Most of us need 8–9 hours of continuous sleep for a good rest. Moreover, it is important that the dream is strong enough, and the phase of deep sleep – as long as possible. Lack of sleep is not only a bad mood and reduced working capacity: numerous studies confirm that regular lack of sleep adversely affects our health and even life expectancy. This is what happens to our health if we do not get enough sleep all the time.
Reaction is reduced
The less we slept, the more time it takes us to concentrate and concentrate, and the likelihood of making the wrong decision increases. Driving a car, strength training and other activities that require a good reaction, it is better to postpone if you do not get enough sleep.
Didn’t sleep all night, trying to better prepare for the exam or important performance? We have bad news: most likely, the test will pass worse than it could. Lack of sleep affects our ability to remember new information, as well as retrieve already stored information in time.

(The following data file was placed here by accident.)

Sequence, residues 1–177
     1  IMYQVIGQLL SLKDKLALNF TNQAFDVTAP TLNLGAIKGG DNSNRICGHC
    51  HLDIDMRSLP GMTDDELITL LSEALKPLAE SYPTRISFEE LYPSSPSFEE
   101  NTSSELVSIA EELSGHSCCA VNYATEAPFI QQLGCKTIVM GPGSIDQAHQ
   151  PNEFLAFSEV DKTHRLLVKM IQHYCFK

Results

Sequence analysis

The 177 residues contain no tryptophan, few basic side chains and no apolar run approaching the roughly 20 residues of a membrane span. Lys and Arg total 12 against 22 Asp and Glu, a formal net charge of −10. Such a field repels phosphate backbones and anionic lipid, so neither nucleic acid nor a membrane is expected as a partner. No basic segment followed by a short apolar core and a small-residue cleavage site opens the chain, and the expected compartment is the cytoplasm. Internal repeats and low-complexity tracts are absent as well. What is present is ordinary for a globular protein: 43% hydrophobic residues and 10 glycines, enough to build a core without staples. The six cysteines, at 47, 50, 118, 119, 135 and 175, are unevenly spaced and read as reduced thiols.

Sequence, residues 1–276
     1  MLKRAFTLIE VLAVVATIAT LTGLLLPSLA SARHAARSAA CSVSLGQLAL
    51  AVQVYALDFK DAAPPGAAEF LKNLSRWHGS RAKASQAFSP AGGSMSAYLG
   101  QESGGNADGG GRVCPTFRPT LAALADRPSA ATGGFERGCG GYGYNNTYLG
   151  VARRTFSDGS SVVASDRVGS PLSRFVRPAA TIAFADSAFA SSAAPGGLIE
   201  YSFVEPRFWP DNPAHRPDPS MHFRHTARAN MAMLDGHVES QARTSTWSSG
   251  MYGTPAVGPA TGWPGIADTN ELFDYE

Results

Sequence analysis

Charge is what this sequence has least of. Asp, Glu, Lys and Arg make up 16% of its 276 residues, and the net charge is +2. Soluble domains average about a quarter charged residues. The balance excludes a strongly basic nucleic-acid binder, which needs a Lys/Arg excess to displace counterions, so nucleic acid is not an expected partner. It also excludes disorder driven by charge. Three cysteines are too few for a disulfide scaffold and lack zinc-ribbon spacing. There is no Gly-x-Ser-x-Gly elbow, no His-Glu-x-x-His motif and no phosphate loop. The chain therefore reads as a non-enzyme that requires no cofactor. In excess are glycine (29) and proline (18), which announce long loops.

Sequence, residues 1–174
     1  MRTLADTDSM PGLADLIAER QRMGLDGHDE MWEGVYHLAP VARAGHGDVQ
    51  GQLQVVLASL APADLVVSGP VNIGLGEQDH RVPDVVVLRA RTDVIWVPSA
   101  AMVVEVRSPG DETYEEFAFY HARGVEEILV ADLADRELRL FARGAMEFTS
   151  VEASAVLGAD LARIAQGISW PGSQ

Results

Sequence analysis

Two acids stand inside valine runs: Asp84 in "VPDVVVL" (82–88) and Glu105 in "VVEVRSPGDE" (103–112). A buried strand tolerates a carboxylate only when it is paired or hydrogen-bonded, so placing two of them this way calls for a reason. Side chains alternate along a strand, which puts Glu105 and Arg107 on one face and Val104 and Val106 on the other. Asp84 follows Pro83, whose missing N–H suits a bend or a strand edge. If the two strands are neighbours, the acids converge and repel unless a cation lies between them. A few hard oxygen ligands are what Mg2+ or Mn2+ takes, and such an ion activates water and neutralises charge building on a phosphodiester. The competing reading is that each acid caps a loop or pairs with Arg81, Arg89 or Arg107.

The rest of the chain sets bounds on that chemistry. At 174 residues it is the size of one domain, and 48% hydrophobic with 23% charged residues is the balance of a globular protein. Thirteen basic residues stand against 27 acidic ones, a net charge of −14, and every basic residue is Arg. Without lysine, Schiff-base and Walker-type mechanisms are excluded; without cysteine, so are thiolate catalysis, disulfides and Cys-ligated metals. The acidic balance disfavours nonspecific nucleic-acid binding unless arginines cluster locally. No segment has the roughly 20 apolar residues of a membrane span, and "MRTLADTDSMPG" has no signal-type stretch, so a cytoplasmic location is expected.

Immunity is weakened
During sleep, we not only relax, but also recover. A study two years ago confirmed: sleep really accelerates recovery from respiratory viral diseases, such as flu. During sleep, the immune system produces protective substances, such as cytokines, that fight bacteria and viruses. If we sleep little, cytokines become insufficient to effectively deal with aggressors and we become ill.
Increased risk of heart disease
A full night’s rest helps control blood sugar and blood pressure – the latter factor is especially important for the health of the cardiovascular system. Many modern studies confirm the direct relationship between insomnia and an increased risk of stroke and heart attack.
Increased risk of depression
A 2017 study, in which 10 thousand people took part, confirmed: the risk of developing depression increases five-fold in those people who suffer from insomnia. Moreover, sleep loss is one of the first symptoms of this disease, and lack of sleep only worsens the symptoms.
Gaining excess weight
The less we sleep, the lower the level of leptin, which regulates metabolism, and the higher – ghrelin, the so-called “hunger hormone”. In addition, if we slept less than we need, we often choose junk food, trying to cope with stress in this way.
Diabetes risk increases
Good sleep helps the body process glucose. If we constantly sleep less than we need, the cells process glucose more slowly and the risk of diabetes increases significantly.
Picture Credit: Zohre Nemati